I sensed that after my two-plus years as general manager of a thriving club in Minneapolis, my board and committee members were getting too involved in the day-to-day operations of the club. I scheduled a meeting with my club president and told Mr. Haik that I believed I was being micromanaged by well-meaning club volunteers.
I knew he was a strong supporter of mine and, more importantly, I also knew he believed club boards should focus on policy and strategy rather than operational issues. After I outlined my concerns, I was sure he would sympathize with me and use his influence to support me. Imagine my shock when he looked into my eyes and said, “Dick, if you believe you are being micromanaged, maybe it’s time you stepped up and became the general manager/COO we thought we were hiring a few years ago. You need to quit whining and begin to lead the employee team and the club members on the board and on the committees like a true club executive would.”
I felt like I had been hit alongside my head with a two-by-four. As I left Mr. Haik’s law office, I was too stunned to go back to the club, so I went home to carefully process what he told me. As I reflected on his comments, I knew deep down he was right. I scheduled a meeting with one of our board members, who happened to have a successful consulting practice coaching corporate executives to become better leaders.
I spent an entire day with Mr. Stanton. He helped me develop a multi-phased program for how I could demonstrate more leadership in every area of my club responsibilities. I will share a few of the strategies we discussed that resulted in my metamorphosis from club manager to club leader.
Mr. Stanton told me that I needed to control the written record of the club by taking the minutes at every committee meeting and every board meeting. As he told me, “Your success at the club will not be written by a volunteer. You need to write the story.” Our club secretary welcomed my notes after each board meeting, and soon he relied on me to edit his minutes and combine them with mine before they went to the board. No matter what issue or decision appeared in the minutes, I was able to ensure there was a positive presentation.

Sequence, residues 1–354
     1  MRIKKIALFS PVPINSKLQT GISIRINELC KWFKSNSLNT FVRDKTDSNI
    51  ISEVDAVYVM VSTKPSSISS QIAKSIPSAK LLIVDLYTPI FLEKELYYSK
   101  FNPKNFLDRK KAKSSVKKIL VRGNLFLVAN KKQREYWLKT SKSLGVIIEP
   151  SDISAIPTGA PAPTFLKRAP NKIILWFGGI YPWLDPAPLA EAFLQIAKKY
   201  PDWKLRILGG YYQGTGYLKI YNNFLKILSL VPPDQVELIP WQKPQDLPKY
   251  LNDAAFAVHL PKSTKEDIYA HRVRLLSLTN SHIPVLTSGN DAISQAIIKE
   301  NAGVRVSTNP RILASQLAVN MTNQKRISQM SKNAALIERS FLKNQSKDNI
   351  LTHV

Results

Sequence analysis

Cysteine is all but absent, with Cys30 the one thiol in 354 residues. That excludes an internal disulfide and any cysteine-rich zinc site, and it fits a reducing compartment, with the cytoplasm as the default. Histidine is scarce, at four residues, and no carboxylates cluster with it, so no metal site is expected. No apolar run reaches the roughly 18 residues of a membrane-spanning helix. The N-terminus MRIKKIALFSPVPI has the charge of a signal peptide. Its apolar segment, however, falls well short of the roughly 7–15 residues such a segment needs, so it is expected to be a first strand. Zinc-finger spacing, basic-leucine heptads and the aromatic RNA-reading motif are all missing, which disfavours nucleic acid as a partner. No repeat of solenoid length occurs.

Another key strategy Mr. Stanton shared was to “understand and know the club’s monthly financial operating statement and balance sheet better than any board member.” Since I was an English and history major in college, I had never taken an accounting class and could barely balance my checkbook. That would change dramatically.
I reached out to one of our club members, a retired CPA, and he happily agreed to coach me on how to read the numbers until I understood them better than our club auditors. In fact, at the end of the year, our club treasurer told the board “that while the annual audit report was very good, if they wanted a clear understanding of our club’s financial condition, they should pay more attention to the report Kopplin wrote about the audit report.”
Maybe one of the best practices Mr. Stanton shared with me was to get to know and understand my board members so that I could benefit from their expertise. He suggested I make an appointment to visit each board member at their office, or if they were retired, at their home. I did so with each of the nine members; while the meetings created a positive result, there was one meeting that was truly impactful in turning what had been a strained relationship into a positive partnership going forward.
Mr. Olson, our vice president, was in line to be president in less than a year. The few conversations we had always seemed abrupt and almost adversarial, and I could never understand why. While I visited him at his office, he seemed to warm up after I noticed his Notre Dame diploma on the wall. My brother-in-law graduated from Notre Dame, so I commented on the great football program. That allowed us to engage in one of the better conversations we had ever had. Additionally, Mr. Olson toured me around his printing plant and introduced me to many of his employees. Our communications dramatically improved and a year later, Mr. Olson became one of the best club presidents I ever worked with.
I will always be grateful for the “wake-up call” Mr. Haik gave me, and I appreciate the wonderful advice and coaching Mr. Stanton provided. I learned that if you have the title of general manager/COO, you also have to step up and act the part.
This much I know for sure.
THE BOARDROOM MAGAZINE – January/February 2023
“This Much I Know for Sure” is a regular feature in BoardRoom magazine beginning Fall 2022. Dick will share some of his reflections based on his 50-plus years of working in the private club business.